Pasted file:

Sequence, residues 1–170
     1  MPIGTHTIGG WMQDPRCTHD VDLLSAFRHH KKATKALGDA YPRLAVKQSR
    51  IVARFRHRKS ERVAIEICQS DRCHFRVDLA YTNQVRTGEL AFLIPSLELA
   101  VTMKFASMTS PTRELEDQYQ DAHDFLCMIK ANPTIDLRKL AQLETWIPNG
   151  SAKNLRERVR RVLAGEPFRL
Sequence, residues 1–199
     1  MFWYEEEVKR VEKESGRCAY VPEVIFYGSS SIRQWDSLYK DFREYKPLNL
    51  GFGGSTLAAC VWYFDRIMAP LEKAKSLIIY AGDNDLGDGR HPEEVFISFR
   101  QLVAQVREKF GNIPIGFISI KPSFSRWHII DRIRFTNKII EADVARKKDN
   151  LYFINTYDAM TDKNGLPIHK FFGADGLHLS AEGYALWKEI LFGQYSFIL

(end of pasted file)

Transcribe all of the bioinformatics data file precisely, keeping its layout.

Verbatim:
Sequence, residues 1–170
     1  MPIGTHTIGG WMQDPRCTHD VDLLSAFRHH KKATKALGDA YPRLAVKQSR
    51  IVARFRHRKS ERVAIEICQS DRCHFRVDLA YTNQVRTGEL AFLIPSLELA
   101  VTMKFASMTS PTRELEDQYQ DAHDFLCMIK ANPTIDLRKL AQLETWIPNG
   151  SAKNLRERVR RVLAGEPFRL
Sequence, residues 1–199
     1  MFWYEEEVKR VEKESGRCAY VPEVIFYGSS SIRQWDSLYK DFREYKPLNL
    51  GFGGSTLAAC VWYFDRIMAP LEKAKSLIIY AGDNDLGDGR HPEEVFISFR
   101  QLVAQVREKF GNIPIGFISI KPSFSRWHII DRIRFTNKII EADVARKKDN
   151  LYFINTYDAM TDKNGLPIHK FFGADGLHLS AEGYALWKEI LFGQYSFIL